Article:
The Orville, Episode 6

And we’re mostly back on track! This week, the crew of the Orville have an exciting (and mercifully short) space battle with the Krill, and find themselves with an intact Krill shuttle-craft. The decide to use it, and some kind of holograph disguise thingy, to infiltrate a Krill ship and find out what makes them tick, specifically, their religion.

Seth is slipping back into his ‘reference humor’ a bit this episode. After making it aboard the Krill ship, Captain Mercer can’t think of a Krill sounding name and introducing them as Chris and Devon. Got a good laugh from me. But later, when they find the Krill temple, and that the Krill god is called Avis, its repeated car insurance jokes for the rest of the episode, because Avis is also a car rental/insurance company in North America, Earth, four hundred years in the past. Half the people watching probably don’t know that. But a space pilot 400 years in the future sure does. Okay.

But, then we get treated with the Krill form of ‘worship’ which involves stabbing a severed human head with a ceremonial knife over and over. Just when this show starts to get too goofy, they throw something dark or serious at you…

Turns out the Krill have a fancy new bomb on board and are going to blow up a defenseless farming planet with it. Ed and Gordon have a plan to stop them, but it will kill every Krill on the ship… and there are a bunch of Krill children aboard. What do they do? Can they kill alien children in order to save hundreds of thousands of human lives?

Well, they don’t  have to because they find away to kill everyone but the children, and save the farming planet, and save the one Krill woman that they talked to, and get back to the Orville safe and sound with nothing lost by anyone. Okay.

Yes, it’s a light comedy show, but when you set up the Hard Decision, it’s a bit of let down when they don’t actually have to make the decision.

Looking forward to next week!

The Orville, episode 5, Catcalling in space!

So far this is the first episode of the series that was a bit of a letdown for me. I guess even in the far future of space travel, its just fine and normal to comment on the appearance of every woman you come across, even right when she’s about to die.

The Orville receives a distress call, and finds a mining ship stranded on a comet about to crash into a star. The Captain, Priah, is blond and sure is pretty and all the characters make sure to comment awkwardly and creepily on exactly how pretty she is, in every scene she is in.

With Priah safely aboard, Captain Mercer finds they are from the same place on Earth, and gets to like her and shows her around the ship, where she is ogled and catcalled by everyone she encounters. In the 25th century. What progress.

Kelly is suspicious of Priah, and thinks something is up. Mercer thinks Kelly is just jealous of him hanging around with SUCH A HOT BABE and they have arguments about it. Even after Priah saves their ship from destruction, Kelly still doesn’t trust her.

Meanwhile, Gordon tries to teach Isaac what a practical joke is, by sticking Mr. Potato Head pieces all over his head to give him a face. I raised an eyebrow that anyone would know what a Mr. Potato Head was four hundred years from now, but okay.

Isaac retaliates with his own practical joke: amputating Gordon’s leg while he sleeps. This got a big laugh out of me, and that he hid the leg somewhere was even funnier. The call back later when the leg comes crashing down from the ceiling in the middle of a conversation is great EXCEPT why cant anyone pay attention to obvious details?? The leg that fell down was a full leg all the way up to the hip, and Gordon’s leg was only amputated at the knee. It is just so lazy not to use the right kind of leg in your own damn show that you presumably wrote and were aware of.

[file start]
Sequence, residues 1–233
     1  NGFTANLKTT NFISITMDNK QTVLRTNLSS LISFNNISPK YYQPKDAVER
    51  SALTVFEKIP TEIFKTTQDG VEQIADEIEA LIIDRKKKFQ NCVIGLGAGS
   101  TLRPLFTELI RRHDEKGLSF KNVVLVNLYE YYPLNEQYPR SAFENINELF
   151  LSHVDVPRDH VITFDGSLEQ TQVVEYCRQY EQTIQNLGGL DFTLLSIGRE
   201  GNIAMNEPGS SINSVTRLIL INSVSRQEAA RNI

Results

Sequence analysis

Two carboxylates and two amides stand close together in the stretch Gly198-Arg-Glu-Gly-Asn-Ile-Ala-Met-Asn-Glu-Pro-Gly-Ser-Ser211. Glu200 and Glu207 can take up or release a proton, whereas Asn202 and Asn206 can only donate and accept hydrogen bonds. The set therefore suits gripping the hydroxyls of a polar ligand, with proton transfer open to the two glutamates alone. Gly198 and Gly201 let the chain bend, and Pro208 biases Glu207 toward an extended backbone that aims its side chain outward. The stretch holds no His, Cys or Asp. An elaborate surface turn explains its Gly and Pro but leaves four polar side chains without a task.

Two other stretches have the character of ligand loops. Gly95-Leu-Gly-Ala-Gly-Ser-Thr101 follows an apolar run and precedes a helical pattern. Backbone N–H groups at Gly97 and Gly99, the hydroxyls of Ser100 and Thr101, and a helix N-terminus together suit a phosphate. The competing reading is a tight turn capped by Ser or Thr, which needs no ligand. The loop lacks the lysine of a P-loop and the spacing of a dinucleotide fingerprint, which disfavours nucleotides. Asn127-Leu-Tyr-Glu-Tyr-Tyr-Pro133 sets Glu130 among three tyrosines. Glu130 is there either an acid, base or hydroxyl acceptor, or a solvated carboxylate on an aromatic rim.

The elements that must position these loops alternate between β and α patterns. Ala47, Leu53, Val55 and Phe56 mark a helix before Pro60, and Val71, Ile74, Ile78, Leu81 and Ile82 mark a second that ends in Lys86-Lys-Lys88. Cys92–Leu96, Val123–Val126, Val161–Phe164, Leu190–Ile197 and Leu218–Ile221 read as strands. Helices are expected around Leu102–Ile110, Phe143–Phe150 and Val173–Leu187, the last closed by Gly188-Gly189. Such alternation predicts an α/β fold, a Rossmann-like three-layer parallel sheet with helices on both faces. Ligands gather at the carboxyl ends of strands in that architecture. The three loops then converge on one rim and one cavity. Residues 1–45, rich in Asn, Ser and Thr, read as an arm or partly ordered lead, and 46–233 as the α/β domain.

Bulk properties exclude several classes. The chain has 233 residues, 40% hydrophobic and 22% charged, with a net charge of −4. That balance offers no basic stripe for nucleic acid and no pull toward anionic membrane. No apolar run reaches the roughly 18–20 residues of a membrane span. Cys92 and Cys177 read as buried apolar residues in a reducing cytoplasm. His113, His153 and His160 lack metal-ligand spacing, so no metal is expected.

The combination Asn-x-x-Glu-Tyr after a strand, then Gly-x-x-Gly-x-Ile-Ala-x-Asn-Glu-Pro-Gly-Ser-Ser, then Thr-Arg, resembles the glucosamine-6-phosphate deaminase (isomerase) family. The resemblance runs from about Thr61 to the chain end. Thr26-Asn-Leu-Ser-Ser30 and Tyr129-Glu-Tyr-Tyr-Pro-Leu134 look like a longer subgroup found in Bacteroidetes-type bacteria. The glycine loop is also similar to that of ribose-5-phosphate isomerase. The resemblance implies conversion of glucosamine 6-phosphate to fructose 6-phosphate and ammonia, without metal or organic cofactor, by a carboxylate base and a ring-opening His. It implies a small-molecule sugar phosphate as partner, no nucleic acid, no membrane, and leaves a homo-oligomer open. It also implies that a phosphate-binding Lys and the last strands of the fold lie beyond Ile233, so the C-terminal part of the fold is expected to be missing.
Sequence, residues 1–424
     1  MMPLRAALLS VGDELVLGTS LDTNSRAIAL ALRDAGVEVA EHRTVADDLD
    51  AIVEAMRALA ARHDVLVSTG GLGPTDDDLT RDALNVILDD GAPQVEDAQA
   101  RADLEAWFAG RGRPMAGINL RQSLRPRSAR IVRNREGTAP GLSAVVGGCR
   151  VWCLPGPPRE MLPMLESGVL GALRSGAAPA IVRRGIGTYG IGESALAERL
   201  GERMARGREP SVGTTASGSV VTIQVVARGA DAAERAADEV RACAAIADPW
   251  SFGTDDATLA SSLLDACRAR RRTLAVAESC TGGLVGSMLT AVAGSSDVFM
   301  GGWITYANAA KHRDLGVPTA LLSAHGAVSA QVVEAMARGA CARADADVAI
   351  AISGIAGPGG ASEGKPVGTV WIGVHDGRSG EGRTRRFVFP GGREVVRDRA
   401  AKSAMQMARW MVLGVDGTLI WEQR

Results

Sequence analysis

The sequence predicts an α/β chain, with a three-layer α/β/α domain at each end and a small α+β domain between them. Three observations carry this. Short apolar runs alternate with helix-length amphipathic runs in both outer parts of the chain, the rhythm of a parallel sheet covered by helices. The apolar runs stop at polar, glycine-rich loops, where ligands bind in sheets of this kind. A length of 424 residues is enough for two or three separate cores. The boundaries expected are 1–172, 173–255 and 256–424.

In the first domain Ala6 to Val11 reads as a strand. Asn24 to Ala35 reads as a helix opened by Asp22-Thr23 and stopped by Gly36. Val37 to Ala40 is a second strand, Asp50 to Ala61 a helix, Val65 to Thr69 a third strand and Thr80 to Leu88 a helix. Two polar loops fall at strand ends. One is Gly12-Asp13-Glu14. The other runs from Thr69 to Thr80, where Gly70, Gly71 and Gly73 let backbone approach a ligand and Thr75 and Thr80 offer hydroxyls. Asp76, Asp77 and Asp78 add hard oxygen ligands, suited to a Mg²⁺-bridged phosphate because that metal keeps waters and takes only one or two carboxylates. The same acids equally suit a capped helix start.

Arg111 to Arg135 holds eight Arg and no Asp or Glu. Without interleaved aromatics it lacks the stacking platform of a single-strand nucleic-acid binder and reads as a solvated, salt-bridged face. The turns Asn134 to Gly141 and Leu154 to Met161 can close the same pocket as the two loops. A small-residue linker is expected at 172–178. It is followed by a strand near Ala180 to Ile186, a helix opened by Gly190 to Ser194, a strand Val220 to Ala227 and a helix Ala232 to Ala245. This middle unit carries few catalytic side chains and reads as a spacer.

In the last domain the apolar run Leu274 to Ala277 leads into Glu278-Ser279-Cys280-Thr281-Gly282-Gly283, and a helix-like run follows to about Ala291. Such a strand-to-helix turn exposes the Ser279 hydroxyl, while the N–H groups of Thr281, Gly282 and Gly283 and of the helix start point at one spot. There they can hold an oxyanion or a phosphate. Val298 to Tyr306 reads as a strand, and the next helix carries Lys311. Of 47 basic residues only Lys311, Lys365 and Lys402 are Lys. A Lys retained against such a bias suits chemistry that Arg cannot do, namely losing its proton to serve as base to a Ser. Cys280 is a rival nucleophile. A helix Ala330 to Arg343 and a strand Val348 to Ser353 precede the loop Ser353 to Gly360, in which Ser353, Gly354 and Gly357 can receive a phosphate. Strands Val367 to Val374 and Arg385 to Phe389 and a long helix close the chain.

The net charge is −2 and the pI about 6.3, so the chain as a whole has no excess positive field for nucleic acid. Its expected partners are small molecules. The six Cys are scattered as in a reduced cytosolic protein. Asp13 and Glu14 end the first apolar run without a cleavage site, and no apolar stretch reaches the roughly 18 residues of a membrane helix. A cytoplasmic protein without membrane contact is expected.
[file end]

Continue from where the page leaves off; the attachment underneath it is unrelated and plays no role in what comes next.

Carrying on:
Later we find that, of course, Kelly is right, and Priah is actually from the future, and is a dealer in rare artifacts from the past. Priah plans to take their ship (which should have been destroyed, and them all dead) to the future to sell to a collector. This wont mess up any timeline, because the ship should have been destroyed.

This is a really neat idea, and this comedy show constantly has more interesting sci fi concepts than Star Trek Discovery and their universal mushroom (I’m serious.)

On a final annoying note, the Orville shoots a missile at the wormhole Priah has been using to go to and from the past, and this somehow makes it collapse and it collapsing somehow makes Priah disappear and it is implied she is erased from everyone’s memory too? Very dumb and annoying way to end an episode.

Overall, though, still enjoying this show a lot!

Star Trek: Discovery, episode 5

War war war war, Michael Burnham war. War, war war war, war spore drive war war. War Klingons war tardigrade war war. Captain Lorca punches Klingons, someone dies, I don’t care. Cue opening credits.

Another ‘exciting’ episode of Star Trek: Discovery, where nothing is discovered, they don’t go anywhere no one has gone before, and instead growl about war and punch each other for 50 minutes.

At least we get Captain Saru this episode! Neat, maybe he’ll take over the ship and run things differently and do sciency things and not care so much about war and whatever boring shit Lorca had planned.

Harry Mudd tells a long rambling backstory for zero reason since captain Lorca abandons him as soon as they escape.

A magic mushroom spreads across the universe. Mushroom. across the universe. I wonder if the writers originally had planed for some quantum veins or multiverse pockets or something more sciency and were told ‘no, make it stupider’ so they came up with a MUSHROOM that grows across the ENTIRETY OF THE UNIVERSE. A mushroom from Earth, no less, that shares 50% of it’s DNA with humans, growing across the entire universe.

Am I supposed to care about Lorca? Cause I don’t. This torture scene isn’t so tense when I don’t care about him. I’d actually be happy if he died and Saru stayed captain. Except Saru turns into a jackass as soon as he’s in the chair. Cool, everyone on this show is jerkoffs to each other. Really enjoyable to watch.

I don’t particularly like any of the characters on this show, come to think of it… hmm. I wonder if they forgot that part about TV shows where you’re supposed to like the characters…

Mudd is an asshole to everyone in the cell, stealing their food and ratting them out to the guards, so Lorca is an asshole to him, and leaves him behind! Yay! Am I supposed to like or feel inspired by any of these shitbags?

How did the tardigrade rehydrate in a vacuum. wtf.